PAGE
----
Cannabis for refractory epilepsy in children: A review focusing on CDKL5 Deficiency Disorder

Tristan Dale, Jenny Downs, Heather Olson, Ann Marie Bergin, Stephanie Smith, Helen Leonard

Research output: Contribution to journalReview article

Abstract

Severe paediatric epilepsies such as CDKL5 Deficiency Disorder (CDD) are extremely debilitating, largely due to the early-onset and refractory nature of the seizures. Existing treatment options are often ineffective and associated with a host of adverse effects, causing those that are affected to seek alternative treatments. Cannabis based products have attracted significant attention over recent years, primarily driven by reports of miraculous cures and a renewed public preference for 'natural' therapies, thus placing intense pressure on health professionals and the government for regulatory change. This study provides a comprehensive overview of the potential role for cannabis in the treatment of CDD. Key areas discussed include the history, mechanism of action, efficacy and safety of cannabis based preparations as well as the burden related to CDD. The evidence supports the use of cannabinoids, especially cannabidiol, in similar forms of refractory epilepsy including Dravet and Lennox-Gastaut syndromes. Evidence for cannabinoids specifically in CDD is limited but growing, with multiple anecdotal reports and an open-label trial showing cannabidiol to be associated with a significant reduction in seizure activity. This review provides the first comprehensive overview of the potential role for cannabis based preparations in the treatment of CDD and provides justification for further clinical and observational research.

Original languageEnglish
Pages (from-to)31-39
Number of pages9
JournalEpilepsy Research
Volume151
DOIs
Publication statusPublished - Mar 2019

Cite this

Dale, Tristan ; Downs, Jenny ; Olson, Heather ; Bergin, Ann Marie ; Smith, Stephanie ; Leonard, Helen. / Cannabis for refractory epilepsy in children : A review focusing on CDKL5 Deficiency Disorder. In: Epilepsy Research. 2019 ; Vol. 151. pp. 31-39.
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Cannabis for refractory epilepsy in children : A review focusing on CDKL5 Deficiency Disorder. / Dale, Tristan; Downs, Jenny; Olson, Heather; Bergin, Ann Marie; Smith, Stephanie; Leonard, Helen.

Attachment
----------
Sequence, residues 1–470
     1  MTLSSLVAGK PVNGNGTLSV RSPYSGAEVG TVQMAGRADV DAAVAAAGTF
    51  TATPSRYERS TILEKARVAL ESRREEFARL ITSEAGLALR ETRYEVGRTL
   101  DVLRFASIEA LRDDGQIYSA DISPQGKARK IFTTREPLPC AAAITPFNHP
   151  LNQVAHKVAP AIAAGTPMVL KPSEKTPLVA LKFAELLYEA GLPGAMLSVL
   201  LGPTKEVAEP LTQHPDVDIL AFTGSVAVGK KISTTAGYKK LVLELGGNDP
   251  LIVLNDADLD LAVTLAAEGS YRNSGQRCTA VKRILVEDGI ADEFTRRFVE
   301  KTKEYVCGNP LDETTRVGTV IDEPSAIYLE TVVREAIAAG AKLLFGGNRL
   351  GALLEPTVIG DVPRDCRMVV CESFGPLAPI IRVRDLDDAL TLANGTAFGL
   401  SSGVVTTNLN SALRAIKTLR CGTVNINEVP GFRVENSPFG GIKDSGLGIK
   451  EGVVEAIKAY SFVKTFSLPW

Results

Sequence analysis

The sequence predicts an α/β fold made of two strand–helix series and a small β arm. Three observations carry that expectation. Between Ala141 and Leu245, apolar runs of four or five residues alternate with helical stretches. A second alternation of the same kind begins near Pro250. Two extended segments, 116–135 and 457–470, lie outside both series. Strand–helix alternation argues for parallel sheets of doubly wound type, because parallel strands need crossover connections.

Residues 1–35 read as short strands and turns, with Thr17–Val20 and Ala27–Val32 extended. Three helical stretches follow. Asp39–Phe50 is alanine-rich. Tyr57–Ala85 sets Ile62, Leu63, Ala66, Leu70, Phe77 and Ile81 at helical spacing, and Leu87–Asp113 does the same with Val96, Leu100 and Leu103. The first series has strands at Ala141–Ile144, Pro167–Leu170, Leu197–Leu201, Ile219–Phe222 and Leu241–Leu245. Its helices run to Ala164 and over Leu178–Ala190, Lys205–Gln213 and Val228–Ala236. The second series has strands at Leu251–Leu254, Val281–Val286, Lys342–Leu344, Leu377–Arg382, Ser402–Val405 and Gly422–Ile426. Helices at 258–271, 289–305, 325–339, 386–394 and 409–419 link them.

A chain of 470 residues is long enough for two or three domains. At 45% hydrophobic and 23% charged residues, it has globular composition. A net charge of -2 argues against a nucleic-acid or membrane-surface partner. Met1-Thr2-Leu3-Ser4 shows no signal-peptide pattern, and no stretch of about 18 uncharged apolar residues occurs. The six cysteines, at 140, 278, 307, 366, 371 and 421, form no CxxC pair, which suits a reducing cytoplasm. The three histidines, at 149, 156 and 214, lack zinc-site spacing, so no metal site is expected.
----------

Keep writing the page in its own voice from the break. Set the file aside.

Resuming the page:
In: Epilepsy Research, Vol. 151, 03.2019, p. 31-39.

Research output: Contribution to journalReview article

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T1 - Cannabis for refractory epilepsy in children

T2 - A review focusing on CDKL5 Deficiency Disorder

AU - Dale, Tristan

AU - Downs, Jenny

AU - Olson, Heather

AU - Bergin, Ann Marie

AU - Smith, Stephanie

AU - Leonard, Helen

PY - 2019/3

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AB - Severe paediatric epilepsies such as CDKL5 Deficiency Disorder (CDD) are extremely debilitating, largely due to the early-onset and refractory nature of the seizures. Existing treatment options are often ineffective and associated with a host of adverse effects, causing those that are affected to seek alternative treatments. Cannabis based products have attracted significant attention over recent years, primarily driven by reports of miraculous cures and a renewed public preference for 'natural' therapies, thus placing intense pressure on health professionals and the government for regulatory change. This study provides a comprehensive overview of the potential role for cannabis in the treatment of CDD. Key areas discussed include the history, mechanism of action, efficacy and safety of cannabis based preparations as well as the burden related to CDD. The evidence supports the use of cannabinoids, especially cannabidiol, in similar forms of refractory epilepsy including Dravet and Lennox-Gastaut syndromes. Evidence for cannabinoids specifically in CDD is limited but growing, with multiple anecdotal reports and an open-label trial showing cannabidiol to be associated with a significant reduction in seizure activity. This review provides the first comprehensive overview of the potential role for cannabis based preparations in the treatment of CDD and provides justification for further clinical and observational research.

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JO - Epilepsy Research

JF - Epilepsy Research

SN - 0920-1211

ER -